Remembering the era when General Douglas MacArthur wouldn’t agree to a government request to change his famous remark on leaving the Philippines from “I shall return” to “We shall return”
Retribution: The Battle for Japan, 1944–45. By Max Hastings. Knopf, 615 pp., $35.
By Janice Harayda
One of the paradoxes of the wave of historical revisionism now sweeping the United States is that while many Americans vow “never to forget” the Holocaust, they turn a blind eye to the atrocities committed by the Japanese in World War II. The reasons for the selective memory are complex and range from the failings of schools to the possibility that – as some have psychologists have suggested – the human mind can only bear to think about so much evil.
But anyone who wants to understand the scope of savagery might start with Retribution, the British journalist Max Hastings’s latest work of military history. One virtue of this immensely readable book is that it blends with great skill the approaches that have been called “top-down” and “bottom-up” history. Retribution has memorable portraits of military leaders such as Chester Nimitz, Curtis LeMay and Douglas MacArthur (who objected when the Office of War Information wanted to change for public consumption his famous “I shall return” to “We shall return”). And Hastings’s analyses of the decisions of generals, admirals and statesmen lead to many persuasive conclusions – most notably, that dropping the atomic bombs resulted fewer deaths than would have occurred if the war had continued apace.
Amid such glimpses of those at the top, Retribution shows the shattering effects of the war on the men and women at the bottom, those who survived the firebombing of Tokyo or fought in Burma, Iwo Jima, Okinawa and elsewhere. Stories of unimaginable suffering are leavened with lighter moments. Families could send parcels to Allied prisoners of war, but the Japanese seldom delivered them. So a U.S. artillery captain held captive on Luzon was thrilled to get a package from home “which he found wonderfully sensibly chosen: a carton of cigarettes, a sweater, a jar of candy and some vitamin pills.”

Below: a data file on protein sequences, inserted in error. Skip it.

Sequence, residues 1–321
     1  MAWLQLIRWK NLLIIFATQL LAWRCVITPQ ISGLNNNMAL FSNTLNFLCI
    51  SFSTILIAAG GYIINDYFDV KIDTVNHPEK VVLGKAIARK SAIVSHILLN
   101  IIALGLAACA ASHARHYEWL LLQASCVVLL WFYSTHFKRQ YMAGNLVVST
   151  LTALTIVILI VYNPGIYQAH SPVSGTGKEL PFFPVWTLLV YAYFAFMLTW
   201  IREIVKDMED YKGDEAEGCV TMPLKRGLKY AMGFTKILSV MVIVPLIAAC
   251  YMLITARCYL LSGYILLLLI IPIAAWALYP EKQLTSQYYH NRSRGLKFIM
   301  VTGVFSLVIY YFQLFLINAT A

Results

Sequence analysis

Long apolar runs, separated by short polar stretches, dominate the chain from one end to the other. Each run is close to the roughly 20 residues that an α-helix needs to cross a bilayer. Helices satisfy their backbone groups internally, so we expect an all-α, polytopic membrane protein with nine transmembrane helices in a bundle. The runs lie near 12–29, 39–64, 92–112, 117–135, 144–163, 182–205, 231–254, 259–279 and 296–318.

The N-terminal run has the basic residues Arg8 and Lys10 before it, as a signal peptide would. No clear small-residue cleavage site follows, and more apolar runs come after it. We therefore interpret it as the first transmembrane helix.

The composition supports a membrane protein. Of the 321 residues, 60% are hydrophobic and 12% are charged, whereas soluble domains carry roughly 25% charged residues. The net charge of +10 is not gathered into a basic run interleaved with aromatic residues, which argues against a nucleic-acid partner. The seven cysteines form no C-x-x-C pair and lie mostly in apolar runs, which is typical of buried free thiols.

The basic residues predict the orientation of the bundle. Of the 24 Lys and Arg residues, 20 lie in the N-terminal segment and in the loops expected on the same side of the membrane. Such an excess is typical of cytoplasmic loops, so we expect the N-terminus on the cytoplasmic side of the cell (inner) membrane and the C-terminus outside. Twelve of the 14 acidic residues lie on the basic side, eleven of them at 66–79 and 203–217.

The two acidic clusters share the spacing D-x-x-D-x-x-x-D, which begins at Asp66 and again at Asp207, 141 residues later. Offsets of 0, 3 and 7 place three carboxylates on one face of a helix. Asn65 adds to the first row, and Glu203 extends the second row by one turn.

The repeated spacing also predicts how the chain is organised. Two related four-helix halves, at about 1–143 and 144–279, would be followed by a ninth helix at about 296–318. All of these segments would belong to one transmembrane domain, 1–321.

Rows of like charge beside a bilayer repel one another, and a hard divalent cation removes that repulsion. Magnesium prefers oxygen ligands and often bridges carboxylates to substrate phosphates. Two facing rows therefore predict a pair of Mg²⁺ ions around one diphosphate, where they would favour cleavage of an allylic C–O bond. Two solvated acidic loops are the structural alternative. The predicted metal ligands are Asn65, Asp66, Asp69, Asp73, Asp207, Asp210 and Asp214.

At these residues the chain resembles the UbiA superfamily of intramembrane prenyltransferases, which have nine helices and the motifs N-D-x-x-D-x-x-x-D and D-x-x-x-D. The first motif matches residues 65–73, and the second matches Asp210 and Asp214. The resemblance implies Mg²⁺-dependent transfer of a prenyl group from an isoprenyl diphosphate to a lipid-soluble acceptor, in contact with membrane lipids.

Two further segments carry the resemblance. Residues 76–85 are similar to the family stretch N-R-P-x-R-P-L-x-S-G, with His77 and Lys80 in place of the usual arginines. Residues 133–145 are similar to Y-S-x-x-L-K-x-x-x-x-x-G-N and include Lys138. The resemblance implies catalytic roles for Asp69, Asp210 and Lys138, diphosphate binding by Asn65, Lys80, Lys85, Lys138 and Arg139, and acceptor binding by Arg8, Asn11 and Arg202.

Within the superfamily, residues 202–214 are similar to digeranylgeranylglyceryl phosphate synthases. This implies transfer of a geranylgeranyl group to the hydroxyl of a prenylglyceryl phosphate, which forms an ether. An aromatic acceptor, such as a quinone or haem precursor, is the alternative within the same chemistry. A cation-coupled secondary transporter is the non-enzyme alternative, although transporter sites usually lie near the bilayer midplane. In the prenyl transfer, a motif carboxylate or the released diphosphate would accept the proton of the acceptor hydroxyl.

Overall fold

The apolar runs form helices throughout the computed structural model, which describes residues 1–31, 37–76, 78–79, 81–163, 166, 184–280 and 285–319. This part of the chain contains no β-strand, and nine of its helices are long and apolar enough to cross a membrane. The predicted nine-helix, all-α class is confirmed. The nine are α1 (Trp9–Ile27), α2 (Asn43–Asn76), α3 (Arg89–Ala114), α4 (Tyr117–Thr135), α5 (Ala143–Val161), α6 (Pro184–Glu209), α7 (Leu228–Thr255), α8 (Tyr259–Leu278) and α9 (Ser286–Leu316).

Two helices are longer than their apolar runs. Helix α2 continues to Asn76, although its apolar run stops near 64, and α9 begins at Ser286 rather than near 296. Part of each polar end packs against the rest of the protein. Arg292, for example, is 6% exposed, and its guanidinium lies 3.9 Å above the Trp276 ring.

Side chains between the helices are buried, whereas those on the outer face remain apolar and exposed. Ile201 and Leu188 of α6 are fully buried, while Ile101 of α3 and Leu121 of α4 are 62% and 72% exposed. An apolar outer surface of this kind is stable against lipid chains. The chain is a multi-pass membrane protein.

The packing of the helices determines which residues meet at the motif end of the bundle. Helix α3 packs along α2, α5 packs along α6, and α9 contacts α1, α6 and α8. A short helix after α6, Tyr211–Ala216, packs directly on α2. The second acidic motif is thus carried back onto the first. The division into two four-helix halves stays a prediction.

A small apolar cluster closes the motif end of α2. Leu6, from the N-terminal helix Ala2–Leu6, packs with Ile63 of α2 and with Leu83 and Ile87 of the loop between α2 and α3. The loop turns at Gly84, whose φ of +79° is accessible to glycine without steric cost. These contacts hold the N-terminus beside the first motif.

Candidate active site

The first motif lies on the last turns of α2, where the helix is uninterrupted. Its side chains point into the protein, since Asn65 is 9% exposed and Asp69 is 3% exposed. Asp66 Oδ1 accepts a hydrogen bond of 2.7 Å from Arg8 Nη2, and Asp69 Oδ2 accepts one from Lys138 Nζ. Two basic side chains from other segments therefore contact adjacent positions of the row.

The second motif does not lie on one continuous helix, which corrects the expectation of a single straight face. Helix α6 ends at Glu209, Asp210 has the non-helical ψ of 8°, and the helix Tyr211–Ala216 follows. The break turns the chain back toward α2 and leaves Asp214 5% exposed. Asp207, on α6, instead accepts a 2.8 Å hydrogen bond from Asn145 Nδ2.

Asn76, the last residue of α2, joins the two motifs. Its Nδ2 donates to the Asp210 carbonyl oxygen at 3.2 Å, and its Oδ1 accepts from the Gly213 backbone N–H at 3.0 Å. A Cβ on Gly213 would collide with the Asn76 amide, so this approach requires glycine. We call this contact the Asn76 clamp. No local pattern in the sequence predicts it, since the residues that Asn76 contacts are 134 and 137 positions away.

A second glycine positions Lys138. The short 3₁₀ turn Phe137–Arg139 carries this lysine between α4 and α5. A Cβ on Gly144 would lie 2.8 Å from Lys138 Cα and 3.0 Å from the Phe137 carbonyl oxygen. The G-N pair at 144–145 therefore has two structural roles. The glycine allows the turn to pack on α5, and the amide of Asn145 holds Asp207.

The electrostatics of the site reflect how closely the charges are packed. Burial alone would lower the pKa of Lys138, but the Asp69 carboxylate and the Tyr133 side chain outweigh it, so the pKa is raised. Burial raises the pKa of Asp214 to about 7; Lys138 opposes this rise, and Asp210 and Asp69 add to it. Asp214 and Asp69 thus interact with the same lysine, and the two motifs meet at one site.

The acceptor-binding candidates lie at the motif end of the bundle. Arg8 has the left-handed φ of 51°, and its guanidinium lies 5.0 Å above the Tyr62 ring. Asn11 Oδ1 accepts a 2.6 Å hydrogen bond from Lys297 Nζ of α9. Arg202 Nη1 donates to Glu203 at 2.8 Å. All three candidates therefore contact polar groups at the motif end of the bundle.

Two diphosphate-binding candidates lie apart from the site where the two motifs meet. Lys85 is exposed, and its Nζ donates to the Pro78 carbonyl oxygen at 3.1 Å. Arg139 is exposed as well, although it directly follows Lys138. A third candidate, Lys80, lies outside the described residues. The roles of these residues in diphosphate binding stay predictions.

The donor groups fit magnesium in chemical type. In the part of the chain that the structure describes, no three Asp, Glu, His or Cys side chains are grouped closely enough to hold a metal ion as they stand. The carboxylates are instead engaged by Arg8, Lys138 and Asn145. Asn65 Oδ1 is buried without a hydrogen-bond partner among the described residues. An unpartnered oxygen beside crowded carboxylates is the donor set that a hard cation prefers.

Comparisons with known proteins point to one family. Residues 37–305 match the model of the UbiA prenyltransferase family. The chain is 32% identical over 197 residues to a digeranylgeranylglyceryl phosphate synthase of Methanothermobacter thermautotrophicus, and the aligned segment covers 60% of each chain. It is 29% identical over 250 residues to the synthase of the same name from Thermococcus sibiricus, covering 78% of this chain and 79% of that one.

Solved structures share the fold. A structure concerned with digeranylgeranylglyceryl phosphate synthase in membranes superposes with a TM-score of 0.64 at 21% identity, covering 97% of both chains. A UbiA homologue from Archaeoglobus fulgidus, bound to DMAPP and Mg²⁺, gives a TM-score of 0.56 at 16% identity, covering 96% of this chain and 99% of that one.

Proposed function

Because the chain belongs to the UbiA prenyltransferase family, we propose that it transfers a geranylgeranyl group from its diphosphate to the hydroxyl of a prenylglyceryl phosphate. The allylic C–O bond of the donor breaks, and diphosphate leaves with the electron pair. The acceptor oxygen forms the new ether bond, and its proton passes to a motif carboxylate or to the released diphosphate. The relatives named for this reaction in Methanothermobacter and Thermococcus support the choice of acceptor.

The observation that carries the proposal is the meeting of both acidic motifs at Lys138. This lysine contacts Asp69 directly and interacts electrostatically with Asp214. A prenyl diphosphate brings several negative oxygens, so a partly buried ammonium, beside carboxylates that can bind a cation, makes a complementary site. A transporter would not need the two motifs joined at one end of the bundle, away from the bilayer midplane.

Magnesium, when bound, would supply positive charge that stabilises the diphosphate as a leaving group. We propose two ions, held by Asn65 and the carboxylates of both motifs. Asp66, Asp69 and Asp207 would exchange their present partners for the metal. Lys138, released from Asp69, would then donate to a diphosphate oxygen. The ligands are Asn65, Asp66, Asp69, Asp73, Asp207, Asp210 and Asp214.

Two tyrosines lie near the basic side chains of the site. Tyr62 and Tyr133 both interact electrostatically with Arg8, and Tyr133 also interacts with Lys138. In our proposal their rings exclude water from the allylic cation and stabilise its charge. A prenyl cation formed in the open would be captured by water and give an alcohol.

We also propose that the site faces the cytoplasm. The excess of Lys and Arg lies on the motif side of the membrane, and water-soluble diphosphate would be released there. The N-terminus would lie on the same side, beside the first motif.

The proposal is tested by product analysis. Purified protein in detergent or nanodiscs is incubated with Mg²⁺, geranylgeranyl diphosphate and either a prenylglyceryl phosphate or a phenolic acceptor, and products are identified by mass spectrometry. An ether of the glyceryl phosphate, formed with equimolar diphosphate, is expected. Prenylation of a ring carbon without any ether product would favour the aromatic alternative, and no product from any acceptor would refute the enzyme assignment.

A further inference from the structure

But for many Americans, the most startling parts of this book are likely to involve the accounts of Japanese brutality to the 100,000 Allied POWs and others. These atrocities go beyond what anyone might expect from such popular books as The Railway Man, Eric Lomax’s story of working in captivity on the Burma-Siam railroad – to say nothing of movies like The Sands of Iwo Jima or The Bridge on the River Kwai.
“There were so many cases of arbitrary beheadings, clubbings and bayonetings in different parts of the empire that it is impossible to dismiss these as unauthorized initiatives by individual officers and men,” Hastings writes. Some of the sadism recalls Josef Mengele’s experiments in Nazi death camps: Eight American airmen were killed by unanesthetized vivisecton carried out in front of medical students at a Japanese hospital. Hastings disagrees with Japanese and other observers who say that it is time to put aside old grievances about such atrocities: